Liang Hongfu

Sportsmanship deserves respect

By Hong Liang (China Daily)
Updated: 2010-06-24 08:03
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Weep no more, Chinese football fans. Your national team, which broke your heart for failing to make it to South Africa, is actually not much lousier than many that did.

France, the 1998 world champion, crashed out of the 2010 games after losing two matches and drawing one against what were widely seen to be its weaker opponents. England failed to win against even weaker teams from countries where football has remained an alien sport.

Star-studded Spain lost to underdog Switzerland in a stunning upset. Even the Germans, always dependable and unflappable on the global arena, lost their cool in the match that they ceded to Slovakia.

Brazil humbled the team from the Democratic People's Republic of Korea (DPRK) as expected. But it scored its critical first goal against the spirited Asians not by skill, but by fluke.

Argentina has done as well as it should. But it was pretty much a one-man show. Lionel Messi was just unstoppable, especially in the match against the untiring Republic of Korea (ROK) team.

I found most of the World Cup matches to be very boring. Instead of "total" football, most teams, especially those that played against stronger opponents, embraced the strategy of what one Chinese commentator derided as "turtle" football in which all players are deployed in defense. This may be an effective strategy to frustrate even the most powerful opponents. But nobody wants to watch a lopsided match with no score.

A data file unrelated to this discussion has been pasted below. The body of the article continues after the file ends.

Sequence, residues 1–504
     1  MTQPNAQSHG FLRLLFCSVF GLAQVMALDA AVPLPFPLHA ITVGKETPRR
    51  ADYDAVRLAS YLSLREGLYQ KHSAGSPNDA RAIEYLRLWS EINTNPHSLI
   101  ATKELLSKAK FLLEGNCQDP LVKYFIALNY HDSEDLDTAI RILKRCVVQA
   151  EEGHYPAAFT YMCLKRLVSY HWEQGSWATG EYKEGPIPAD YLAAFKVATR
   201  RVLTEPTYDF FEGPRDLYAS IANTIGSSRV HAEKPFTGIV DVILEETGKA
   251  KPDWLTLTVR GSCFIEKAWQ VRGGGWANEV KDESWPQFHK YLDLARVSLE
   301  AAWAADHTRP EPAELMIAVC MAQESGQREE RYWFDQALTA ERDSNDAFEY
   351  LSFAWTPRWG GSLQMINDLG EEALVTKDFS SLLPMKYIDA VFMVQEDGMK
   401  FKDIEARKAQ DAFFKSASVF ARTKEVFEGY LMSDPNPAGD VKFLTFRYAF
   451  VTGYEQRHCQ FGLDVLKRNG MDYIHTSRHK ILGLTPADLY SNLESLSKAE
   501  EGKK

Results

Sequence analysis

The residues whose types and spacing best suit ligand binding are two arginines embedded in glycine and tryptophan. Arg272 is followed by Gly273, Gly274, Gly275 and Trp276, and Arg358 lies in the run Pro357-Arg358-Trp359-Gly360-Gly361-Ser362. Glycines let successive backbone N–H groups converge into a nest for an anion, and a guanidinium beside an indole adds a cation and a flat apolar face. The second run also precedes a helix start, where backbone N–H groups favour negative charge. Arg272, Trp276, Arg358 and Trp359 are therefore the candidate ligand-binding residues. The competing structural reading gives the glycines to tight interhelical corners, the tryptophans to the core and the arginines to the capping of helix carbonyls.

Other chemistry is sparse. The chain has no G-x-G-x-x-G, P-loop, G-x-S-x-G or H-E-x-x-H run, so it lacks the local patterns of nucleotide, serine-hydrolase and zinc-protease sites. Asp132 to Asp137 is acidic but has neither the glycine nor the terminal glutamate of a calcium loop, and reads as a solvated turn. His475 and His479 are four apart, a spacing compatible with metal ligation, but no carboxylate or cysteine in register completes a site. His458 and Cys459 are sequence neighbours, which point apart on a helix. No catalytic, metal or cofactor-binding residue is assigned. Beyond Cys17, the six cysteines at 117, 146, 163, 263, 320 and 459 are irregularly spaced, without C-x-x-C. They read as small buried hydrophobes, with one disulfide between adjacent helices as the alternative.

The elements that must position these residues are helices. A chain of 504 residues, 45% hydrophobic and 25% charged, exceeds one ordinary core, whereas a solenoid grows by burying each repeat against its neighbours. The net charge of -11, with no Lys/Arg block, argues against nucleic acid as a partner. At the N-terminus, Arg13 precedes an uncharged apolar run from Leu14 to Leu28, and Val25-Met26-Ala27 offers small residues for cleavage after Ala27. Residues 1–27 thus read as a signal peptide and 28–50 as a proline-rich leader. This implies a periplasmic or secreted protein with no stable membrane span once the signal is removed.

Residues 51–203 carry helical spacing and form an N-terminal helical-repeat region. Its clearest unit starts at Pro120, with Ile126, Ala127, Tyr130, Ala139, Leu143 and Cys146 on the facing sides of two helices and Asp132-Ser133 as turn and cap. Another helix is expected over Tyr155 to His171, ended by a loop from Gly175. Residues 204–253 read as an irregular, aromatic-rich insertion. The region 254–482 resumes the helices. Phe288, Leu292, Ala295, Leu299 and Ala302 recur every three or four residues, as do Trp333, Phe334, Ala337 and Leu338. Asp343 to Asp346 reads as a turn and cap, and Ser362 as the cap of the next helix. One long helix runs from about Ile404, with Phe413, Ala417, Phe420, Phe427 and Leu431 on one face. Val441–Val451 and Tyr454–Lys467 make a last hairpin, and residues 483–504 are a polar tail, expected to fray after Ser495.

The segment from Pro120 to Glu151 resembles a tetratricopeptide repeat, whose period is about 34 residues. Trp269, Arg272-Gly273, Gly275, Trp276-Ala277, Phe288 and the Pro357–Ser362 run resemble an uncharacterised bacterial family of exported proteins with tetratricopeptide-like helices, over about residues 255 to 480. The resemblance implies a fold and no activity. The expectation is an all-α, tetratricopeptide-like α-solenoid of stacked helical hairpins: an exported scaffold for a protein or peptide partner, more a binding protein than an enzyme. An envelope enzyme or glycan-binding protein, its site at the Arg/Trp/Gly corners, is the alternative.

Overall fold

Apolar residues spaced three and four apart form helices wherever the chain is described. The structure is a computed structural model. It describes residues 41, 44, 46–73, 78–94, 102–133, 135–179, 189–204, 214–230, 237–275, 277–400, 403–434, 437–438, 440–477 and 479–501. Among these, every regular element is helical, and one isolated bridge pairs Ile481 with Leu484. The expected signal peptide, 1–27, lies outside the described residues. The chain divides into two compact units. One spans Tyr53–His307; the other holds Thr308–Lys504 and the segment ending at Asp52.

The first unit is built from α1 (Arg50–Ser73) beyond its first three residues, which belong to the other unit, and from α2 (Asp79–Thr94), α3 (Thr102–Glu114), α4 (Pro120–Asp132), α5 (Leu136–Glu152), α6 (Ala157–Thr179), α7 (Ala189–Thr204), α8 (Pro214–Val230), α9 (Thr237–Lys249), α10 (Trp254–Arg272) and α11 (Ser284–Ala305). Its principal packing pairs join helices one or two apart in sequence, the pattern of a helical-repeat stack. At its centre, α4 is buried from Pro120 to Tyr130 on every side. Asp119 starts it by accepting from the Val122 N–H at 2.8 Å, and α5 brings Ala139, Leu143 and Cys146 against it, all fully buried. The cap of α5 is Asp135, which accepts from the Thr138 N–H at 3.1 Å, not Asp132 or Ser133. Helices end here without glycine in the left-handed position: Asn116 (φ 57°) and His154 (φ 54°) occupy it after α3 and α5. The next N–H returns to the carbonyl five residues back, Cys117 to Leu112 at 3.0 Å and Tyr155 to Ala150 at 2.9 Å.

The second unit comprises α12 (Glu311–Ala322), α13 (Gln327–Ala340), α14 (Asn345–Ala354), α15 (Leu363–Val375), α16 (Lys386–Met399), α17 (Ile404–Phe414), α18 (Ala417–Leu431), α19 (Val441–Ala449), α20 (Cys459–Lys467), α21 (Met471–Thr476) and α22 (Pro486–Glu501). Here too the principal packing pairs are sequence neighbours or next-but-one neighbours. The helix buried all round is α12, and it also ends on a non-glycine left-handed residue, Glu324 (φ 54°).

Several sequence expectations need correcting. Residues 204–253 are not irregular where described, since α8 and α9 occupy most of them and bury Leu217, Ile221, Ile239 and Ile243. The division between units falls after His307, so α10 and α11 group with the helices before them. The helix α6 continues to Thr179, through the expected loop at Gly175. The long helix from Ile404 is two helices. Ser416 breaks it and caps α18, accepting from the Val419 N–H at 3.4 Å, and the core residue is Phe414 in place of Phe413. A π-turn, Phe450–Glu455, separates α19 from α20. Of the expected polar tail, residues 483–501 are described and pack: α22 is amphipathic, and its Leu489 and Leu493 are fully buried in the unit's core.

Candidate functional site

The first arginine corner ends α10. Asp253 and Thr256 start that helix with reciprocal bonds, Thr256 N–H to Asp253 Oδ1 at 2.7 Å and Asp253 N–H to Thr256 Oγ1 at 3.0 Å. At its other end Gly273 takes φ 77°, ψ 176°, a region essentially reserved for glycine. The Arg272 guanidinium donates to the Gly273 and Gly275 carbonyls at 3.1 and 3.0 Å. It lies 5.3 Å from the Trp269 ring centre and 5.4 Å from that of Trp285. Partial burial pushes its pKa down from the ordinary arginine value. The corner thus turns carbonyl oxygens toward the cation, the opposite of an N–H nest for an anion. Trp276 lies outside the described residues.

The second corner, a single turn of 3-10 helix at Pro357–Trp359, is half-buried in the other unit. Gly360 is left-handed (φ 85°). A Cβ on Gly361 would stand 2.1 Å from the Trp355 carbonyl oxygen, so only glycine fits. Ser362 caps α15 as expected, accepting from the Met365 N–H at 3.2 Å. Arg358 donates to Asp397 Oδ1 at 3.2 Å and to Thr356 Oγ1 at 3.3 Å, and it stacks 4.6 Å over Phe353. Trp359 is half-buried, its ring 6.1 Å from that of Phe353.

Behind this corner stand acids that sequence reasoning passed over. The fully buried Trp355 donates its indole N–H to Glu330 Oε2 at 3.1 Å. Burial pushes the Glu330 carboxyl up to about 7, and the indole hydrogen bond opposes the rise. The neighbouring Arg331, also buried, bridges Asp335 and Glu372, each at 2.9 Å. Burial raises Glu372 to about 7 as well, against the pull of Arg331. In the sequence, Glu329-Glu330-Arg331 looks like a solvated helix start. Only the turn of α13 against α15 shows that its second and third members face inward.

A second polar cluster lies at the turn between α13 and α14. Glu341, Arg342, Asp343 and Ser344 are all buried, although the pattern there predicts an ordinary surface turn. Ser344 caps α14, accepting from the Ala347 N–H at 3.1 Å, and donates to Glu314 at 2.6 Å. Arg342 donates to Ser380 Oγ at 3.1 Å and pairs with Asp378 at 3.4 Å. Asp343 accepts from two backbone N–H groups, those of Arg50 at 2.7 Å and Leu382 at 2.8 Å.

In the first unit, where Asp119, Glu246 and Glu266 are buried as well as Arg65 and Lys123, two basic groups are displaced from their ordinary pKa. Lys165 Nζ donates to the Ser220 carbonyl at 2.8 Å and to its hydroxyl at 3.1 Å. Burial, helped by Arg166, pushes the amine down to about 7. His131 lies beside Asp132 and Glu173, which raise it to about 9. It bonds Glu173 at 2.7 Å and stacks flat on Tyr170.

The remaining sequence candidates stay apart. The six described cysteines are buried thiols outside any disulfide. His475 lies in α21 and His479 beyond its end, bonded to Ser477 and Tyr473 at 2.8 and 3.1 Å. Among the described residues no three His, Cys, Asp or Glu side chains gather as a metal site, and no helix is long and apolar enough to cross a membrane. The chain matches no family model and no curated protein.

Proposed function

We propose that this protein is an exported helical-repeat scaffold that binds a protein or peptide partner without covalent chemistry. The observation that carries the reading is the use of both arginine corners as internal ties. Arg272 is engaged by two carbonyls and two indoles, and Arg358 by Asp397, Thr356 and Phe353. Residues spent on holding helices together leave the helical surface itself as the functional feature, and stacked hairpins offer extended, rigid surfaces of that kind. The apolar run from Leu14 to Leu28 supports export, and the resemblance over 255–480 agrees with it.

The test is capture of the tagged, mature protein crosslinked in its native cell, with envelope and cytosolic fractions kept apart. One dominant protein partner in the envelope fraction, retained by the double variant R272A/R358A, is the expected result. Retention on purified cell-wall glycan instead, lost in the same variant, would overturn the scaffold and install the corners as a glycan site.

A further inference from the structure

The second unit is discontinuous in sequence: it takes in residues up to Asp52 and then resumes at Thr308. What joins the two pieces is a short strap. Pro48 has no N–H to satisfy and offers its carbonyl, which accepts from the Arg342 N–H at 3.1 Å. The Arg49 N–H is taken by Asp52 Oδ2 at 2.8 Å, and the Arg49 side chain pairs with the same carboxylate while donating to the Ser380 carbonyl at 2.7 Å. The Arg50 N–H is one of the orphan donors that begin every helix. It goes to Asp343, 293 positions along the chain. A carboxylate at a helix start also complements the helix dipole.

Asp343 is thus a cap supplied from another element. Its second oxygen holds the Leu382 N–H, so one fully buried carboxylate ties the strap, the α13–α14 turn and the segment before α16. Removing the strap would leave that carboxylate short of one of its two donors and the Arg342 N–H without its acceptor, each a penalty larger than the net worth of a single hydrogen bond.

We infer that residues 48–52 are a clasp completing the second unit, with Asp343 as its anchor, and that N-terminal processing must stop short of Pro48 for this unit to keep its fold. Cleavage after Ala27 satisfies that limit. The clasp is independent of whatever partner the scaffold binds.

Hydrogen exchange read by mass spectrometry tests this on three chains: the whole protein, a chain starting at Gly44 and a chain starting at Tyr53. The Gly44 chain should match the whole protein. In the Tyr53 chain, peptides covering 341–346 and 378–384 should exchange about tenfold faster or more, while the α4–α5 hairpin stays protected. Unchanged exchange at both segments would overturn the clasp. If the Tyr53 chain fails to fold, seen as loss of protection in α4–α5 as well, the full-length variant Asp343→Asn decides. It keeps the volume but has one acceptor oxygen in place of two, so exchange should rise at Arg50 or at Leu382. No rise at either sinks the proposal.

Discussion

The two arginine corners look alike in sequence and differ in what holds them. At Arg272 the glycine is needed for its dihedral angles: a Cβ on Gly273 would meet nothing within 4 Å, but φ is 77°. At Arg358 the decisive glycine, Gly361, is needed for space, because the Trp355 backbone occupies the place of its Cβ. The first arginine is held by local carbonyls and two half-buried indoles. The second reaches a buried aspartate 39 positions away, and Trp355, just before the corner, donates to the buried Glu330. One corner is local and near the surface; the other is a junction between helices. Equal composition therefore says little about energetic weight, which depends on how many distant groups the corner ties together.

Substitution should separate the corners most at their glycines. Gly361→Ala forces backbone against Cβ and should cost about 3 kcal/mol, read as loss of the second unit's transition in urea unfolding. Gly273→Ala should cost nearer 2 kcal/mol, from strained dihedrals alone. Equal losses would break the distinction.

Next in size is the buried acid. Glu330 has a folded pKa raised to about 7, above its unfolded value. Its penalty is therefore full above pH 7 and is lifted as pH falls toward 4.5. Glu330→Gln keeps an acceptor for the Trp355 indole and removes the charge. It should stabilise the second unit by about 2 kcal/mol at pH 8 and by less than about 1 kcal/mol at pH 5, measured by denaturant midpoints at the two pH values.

The three Asian teams, Japan, DPRK and ROK, have put up the best show so far. They played aggressively against opponents that were considered a few notches above them in skill and physique. But hardly any team can match them in stamina, morale and discipline.

Many Chinese football fans and commentators have wondered openly in print and on the Internet whether it is possible to create a Chinese national team that can match the attributes of its Asian counterparts. We can start by emphasizing more on sportsmanship and less, much less, on winning.

Our affection for the DPRK national team has actually heightened, rather than diminished, after its loss to Brazil in a match it played so well. They lost big to Portugal. But there is always the next time to get even.

The ROK players walked off the field with heads held high despite losing to Argentina, arguably a much stronger team. Japan put up a spirited fight against the Dutch before conceding the game.

ROK has secured its place in the last 16. DPRK is out. Even so, Asian teams will earn the respect of football fans around the world for the show of sportsmanship on the field. Their fans at home may feel disappointed that they have not done better. But nobody can blame them for not trying their best.

More important, these Asian players have behaved in a most civilized manner even when the game was going against them. Of course, they committed fouls. But they were never seen to have engaged in foul play.

I have always been a loyal fan of the English national team because I have been watching the English Premier League for many years. Now, the DPRK and ROK will share in that affection.

I hope the Chinese national team too will one day win my loyalty with gentlemanly football.